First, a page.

Alice endures it all, the little unmarked rites of passage for the American female: the fear of burning in hell, the lumpish first kiss, the choice between the bad man and the good man, the pressure to engage in humiliating sex, the sad gratefulness for the first lover who actually cares about her pleasure.

Alice, on the other hand, watches her life spin out of control until she no longer recognizes herself. Her daughter grows up with questionable values; she gives up everything for Charlie. It’s a form of human sacrifice.[1]

Suddenly this is a contemporary, American story. Salter’s review concludes by saying “And yet, Alice’s life has something in it for every American female. Some terrible aha moment, followed by a deep sigh and – heaven help us – that utterly feminine “Grapes of Wrath” determination that is the true and unsung backbone of America.” Joyce Carol Oates’s New York Times review of this book opens with the line “Is there a distinctly American experience?”; Oates sees the novel’s protagonist as a “sister-variant of the American outsider.”[2] Yet when I read this review with the eyes of a medievalist, the only words which mark it as distinctly “now” rather than “then” are American, Republican, Lutheran, grades, career and mall; the rest remains the same.

While such a tale may indeed reference the Grapes of Wrath or the American outsider, this story itself comes straight from what I would call the “Good Girl Handbook” of the Western tradition. Yet the assumptions underlying these and other reviews of American Wife are that this story of good girl outlined by the novelist, and her critics, is one that is all too familiar and distinctly American; while degrading in parts – furtive sexuality, lack of autonomy, self-sacrifice – it is how things are now. In other words, this conventional story is presented as a contentious, but accurate, story of American life, with little consideration of the long-term structures that underpin it. And it would seem that while the term “medieval” in current popular code is often used to connote “old,” “dead,” and most important of all, “so over,” there are indeed currents that flow from our past into our now whether we wish to see them or not. In this instance, is there really as much of a difference between the good medieval woman and the good American woman as we might like to believe?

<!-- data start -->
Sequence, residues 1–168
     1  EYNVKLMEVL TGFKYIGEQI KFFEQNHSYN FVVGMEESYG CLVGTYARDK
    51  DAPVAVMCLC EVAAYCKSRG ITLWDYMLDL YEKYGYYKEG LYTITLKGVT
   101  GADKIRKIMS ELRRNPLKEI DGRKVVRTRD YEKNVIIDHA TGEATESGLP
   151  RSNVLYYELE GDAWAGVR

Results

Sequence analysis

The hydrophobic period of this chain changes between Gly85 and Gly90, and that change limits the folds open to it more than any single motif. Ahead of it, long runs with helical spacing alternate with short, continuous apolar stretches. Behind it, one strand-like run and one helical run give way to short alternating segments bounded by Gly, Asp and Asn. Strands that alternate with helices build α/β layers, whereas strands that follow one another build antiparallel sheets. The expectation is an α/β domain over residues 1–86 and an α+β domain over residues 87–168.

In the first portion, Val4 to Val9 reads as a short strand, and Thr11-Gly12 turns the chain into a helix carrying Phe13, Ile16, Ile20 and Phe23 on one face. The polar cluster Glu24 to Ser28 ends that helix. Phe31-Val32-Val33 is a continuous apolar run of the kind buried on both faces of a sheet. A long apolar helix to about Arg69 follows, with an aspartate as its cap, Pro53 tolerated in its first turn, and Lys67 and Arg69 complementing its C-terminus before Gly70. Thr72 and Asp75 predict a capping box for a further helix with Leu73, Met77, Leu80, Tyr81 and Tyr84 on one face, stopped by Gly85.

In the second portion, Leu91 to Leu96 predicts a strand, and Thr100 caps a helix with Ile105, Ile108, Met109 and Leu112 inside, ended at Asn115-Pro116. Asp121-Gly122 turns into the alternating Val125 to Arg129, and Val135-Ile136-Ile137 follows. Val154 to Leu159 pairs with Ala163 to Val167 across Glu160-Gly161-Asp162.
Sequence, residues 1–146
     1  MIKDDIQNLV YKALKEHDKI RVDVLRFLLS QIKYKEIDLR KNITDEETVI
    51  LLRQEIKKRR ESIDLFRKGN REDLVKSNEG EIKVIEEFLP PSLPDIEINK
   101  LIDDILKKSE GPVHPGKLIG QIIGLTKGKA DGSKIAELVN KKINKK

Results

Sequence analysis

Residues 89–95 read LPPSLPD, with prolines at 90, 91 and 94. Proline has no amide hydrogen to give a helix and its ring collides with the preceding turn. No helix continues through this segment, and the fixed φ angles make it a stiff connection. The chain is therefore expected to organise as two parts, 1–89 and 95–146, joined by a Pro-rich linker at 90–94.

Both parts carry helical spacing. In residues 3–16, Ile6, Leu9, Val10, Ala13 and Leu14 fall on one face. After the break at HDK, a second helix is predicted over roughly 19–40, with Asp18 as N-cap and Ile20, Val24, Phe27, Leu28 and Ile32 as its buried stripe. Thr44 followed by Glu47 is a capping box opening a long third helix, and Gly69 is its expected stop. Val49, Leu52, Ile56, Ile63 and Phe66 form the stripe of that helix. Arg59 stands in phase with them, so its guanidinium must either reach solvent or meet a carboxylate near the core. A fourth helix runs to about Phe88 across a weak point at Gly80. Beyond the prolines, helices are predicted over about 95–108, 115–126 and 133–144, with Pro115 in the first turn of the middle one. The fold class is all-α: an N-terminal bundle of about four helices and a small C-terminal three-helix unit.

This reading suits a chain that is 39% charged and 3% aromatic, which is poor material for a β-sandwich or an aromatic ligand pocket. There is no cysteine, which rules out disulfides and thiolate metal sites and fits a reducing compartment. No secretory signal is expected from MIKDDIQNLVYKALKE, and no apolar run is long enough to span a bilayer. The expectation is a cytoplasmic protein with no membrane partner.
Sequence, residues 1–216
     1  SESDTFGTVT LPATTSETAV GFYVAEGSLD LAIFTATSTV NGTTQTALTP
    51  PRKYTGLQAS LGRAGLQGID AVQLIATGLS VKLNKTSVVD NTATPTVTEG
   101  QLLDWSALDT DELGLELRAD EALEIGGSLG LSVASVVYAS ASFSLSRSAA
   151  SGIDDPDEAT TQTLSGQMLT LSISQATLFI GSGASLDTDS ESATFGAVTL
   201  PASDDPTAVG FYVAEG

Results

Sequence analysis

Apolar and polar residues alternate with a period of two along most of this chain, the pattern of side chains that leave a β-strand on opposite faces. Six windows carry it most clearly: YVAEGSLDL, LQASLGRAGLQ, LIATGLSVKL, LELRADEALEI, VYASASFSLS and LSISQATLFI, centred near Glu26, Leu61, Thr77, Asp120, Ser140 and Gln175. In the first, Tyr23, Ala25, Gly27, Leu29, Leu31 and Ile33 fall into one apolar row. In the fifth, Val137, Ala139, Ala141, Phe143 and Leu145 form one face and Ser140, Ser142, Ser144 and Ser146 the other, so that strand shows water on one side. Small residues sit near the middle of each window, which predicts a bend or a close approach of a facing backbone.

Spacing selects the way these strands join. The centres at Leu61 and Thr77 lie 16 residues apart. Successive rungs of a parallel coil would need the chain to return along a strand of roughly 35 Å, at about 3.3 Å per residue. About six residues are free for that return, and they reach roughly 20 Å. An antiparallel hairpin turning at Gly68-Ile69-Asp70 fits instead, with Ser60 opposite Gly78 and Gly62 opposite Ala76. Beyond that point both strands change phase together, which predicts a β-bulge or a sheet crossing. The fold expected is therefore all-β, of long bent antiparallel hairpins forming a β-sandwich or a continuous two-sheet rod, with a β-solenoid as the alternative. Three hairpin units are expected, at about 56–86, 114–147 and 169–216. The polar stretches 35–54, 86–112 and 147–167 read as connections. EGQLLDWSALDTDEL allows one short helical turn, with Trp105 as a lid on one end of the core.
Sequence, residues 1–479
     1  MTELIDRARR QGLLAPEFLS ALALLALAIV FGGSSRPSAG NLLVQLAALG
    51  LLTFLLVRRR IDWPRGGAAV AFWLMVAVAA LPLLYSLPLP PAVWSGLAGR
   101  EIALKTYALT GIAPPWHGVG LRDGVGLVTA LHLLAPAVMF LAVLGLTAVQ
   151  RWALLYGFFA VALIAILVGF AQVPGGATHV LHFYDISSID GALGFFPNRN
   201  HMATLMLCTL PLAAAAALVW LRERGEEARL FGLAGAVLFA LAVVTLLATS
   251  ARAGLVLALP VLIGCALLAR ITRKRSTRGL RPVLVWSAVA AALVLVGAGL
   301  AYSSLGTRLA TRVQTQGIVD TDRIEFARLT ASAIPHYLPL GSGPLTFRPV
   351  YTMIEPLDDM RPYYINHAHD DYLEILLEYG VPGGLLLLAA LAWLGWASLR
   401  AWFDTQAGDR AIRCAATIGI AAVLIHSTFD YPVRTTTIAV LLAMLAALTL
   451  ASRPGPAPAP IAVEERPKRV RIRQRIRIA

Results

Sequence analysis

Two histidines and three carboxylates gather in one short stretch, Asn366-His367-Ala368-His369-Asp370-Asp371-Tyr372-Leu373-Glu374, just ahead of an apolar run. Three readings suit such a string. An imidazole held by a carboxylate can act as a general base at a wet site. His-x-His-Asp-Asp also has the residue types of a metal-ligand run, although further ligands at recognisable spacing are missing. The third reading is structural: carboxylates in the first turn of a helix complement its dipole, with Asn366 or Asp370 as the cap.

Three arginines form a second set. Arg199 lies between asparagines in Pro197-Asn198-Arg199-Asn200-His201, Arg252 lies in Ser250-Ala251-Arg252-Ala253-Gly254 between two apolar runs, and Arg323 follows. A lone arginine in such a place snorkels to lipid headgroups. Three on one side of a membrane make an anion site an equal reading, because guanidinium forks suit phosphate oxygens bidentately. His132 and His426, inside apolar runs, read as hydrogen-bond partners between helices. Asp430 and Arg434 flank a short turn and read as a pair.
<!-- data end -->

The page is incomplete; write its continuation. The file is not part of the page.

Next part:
This is one instance among many that reminds us that while it just as naïve to think that our own embodied “now” does not enter into our relationship to the past, to think that our relationship to the past does not enter into the now is just as imprudent. The Western tradition (what the Annalistes termed the longue duree) is long and continuous, an underlying river with currents rippling right up to the now. I’m invoking the metaphor of water here on purpose although I wish to shift the metaphor from river to ocean. For an ocean’s waves do not represent the movement of water across space – rather a wave is, quite literally, the memory of wind. The memory of the initial contact with the wind is transferred from water molecule to water molecule, growing ever larger to create what we finally see wash on shore as a wave. As one surfer writes, “the water that was roaring toward me was quite literally a memory …. When I heard the roar of that wave behind me … what I was actually hearing was the sound of the past arriving in the present with me directly in its path.”[3]